Local News

Raleigh, Durham Forced To Tighten Water Restrictions

Posted June 26, 2002

— The cities of Raleigh and Durham joined other North Carolina cities Wednesday by imposing mandatory water restrictions.

Raleigh officials said the city's drinking source, Falls Lake, had fallen to 248.59 feet, the lowest level recorded during the last week of June, said officials, who have monitored the lake's level for 15 years.

Officials said since voluntary conservation measures were enacted June 10, water use has been at an all-time high.

Wednesday, the Raleigh City Council approved

mandatory water restrictions

that take effect immediately.

Residents caught violating the restrictions face fines of $500 per day. Citations will be not be issued until 8 a.m. July 1.

The mandatory measures for Raleigh include:

  • Watering of property, both residential and non-residential, no more than once every other day and only on the day assigned for the property. Properties with addresses ending with an odd number may irrigate on odd calendar dates. Properties with addresses ending with even number may irrigate only on even calendar dates.
  • No filling of private individual residential swimming pools, either new or existing. No replenishing of any filled private pools, except to the essential minimum to operate chemical feedign equipment.

  • No water may be added to any decorative fountain, pool or pond.
  • No washing of motor vehicles, except at commerical establishments.
  • No washing of outside areas such as sidewalks, patios, driveways and other impervious surfaces.
  • Raleigh residents also are asked not to ignite fireworks, which are a concern with the approaching July 4th holiday.

    Raleigh officials said the situation is bad, but there is not any need to panic.

    "Of course, it is going to rain again and the drought would end," Raleigh mayor Charles Meeker said.

    In Durham, officials have also issued

    mandatory water conservation measures


    At the current consumption rate, city officials said Durham would run out of water in about three months.

    Lake Michie is 10.5 feet below full and the Little River reservoir is about nine feet below full level.

    According to the city of Durham, no person shall:

  • Water lawns, grass, trees, shrubbery, flowers, golf greens or vegetable gardens except between 5 p.m. and midnight on Wednesday and Saturday.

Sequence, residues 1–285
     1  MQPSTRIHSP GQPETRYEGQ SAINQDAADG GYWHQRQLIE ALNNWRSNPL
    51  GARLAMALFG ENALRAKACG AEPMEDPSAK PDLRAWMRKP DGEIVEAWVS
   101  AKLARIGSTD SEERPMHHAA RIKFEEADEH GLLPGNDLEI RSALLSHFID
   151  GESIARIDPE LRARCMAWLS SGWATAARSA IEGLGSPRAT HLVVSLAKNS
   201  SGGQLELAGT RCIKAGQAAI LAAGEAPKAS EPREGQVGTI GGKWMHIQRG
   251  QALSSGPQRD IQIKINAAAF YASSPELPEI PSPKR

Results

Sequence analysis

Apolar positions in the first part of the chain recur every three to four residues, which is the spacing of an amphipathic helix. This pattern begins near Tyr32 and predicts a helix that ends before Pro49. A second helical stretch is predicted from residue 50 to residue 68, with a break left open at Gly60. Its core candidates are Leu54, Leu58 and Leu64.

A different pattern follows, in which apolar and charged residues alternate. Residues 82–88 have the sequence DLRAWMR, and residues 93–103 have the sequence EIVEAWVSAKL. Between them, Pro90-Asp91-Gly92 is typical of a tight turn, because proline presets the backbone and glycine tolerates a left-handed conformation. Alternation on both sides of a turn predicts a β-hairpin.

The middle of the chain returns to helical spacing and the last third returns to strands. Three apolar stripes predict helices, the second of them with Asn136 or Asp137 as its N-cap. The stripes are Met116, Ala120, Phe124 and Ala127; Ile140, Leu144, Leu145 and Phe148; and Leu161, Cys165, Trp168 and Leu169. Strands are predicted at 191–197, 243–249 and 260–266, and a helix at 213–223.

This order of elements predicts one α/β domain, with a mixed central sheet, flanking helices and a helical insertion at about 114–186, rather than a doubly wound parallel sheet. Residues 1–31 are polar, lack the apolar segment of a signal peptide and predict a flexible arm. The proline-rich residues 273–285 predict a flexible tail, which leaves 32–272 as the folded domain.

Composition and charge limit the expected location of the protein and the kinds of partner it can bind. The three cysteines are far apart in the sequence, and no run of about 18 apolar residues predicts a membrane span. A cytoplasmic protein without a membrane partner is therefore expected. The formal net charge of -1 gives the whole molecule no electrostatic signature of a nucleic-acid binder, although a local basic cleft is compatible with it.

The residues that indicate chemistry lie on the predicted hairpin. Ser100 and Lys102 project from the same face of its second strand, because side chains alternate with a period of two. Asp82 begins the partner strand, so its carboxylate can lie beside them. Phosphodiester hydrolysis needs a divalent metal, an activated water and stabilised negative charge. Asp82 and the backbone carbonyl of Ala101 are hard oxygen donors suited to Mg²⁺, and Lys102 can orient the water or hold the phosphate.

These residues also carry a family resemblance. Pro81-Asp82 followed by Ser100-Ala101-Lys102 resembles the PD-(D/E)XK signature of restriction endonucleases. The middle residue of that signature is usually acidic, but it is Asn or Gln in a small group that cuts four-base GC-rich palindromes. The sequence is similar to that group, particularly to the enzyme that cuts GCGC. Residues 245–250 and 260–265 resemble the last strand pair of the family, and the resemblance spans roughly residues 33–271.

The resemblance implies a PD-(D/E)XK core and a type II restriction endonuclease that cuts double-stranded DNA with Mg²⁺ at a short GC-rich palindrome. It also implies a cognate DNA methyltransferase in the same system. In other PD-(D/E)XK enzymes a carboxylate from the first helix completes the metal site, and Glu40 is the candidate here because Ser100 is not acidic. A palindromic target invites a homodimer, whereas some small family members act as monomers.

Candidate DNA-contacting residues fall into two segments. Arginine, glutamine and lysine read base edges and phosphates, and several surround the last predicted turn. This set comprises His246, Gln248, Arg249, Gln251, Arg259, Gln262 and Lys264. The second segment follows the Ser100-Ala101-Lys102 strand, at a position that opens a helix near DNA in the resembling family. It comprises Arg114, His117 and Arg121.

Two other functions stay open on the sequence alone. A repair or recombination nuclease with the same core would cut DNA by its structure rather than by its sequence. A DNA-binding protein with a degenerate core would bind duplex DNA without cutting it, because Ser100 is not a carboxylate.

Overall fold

• Introduce water into wading pools or swimming pools except to the extent necessary to replenish losses due to evaporation or spillage, and maintain operation of chemical feed equipment.
  • Use water to wash down outside areas such as sidewalks, patios, driveways, or for other similar purposes.
  • Introduce water into any decorative fountain, pool or pond except where the water is recycled.
  • Serve water in a restaurant or similar establishment except upon request.
  • Use water for any unnecessary purpose or intentionally waste water.
  • Wash the exterior of a motor vehicle except where a private well system is used, or where 50 percent percent of the water is recycled or where it can be demonstrated that 30 gallons or water or less are used to wash the vehicle.
  • One business in Durham claims it is prepared for the city's mandatory restrictions. The Durham Ritz Touchless Car Wash has a new wash system that only uses 30 gallons of water per car, which falls within the city's restrictions.

    However, some places that do not need to worry about water restrictions are feeling the hit.

    A nursery in Apex has about 50,000 plants to water and, at best, a few weeks of water left because their irrigation pond is running dry. Officials said if they do not get a lot of rain soon, the nursery will have to truck the plants somewhere to be watered.

    Hillsborough and the Orange-Alamance water systems already have mandatory water restrictions in place.

    Orange County has requested voluntary conservation from its customers.


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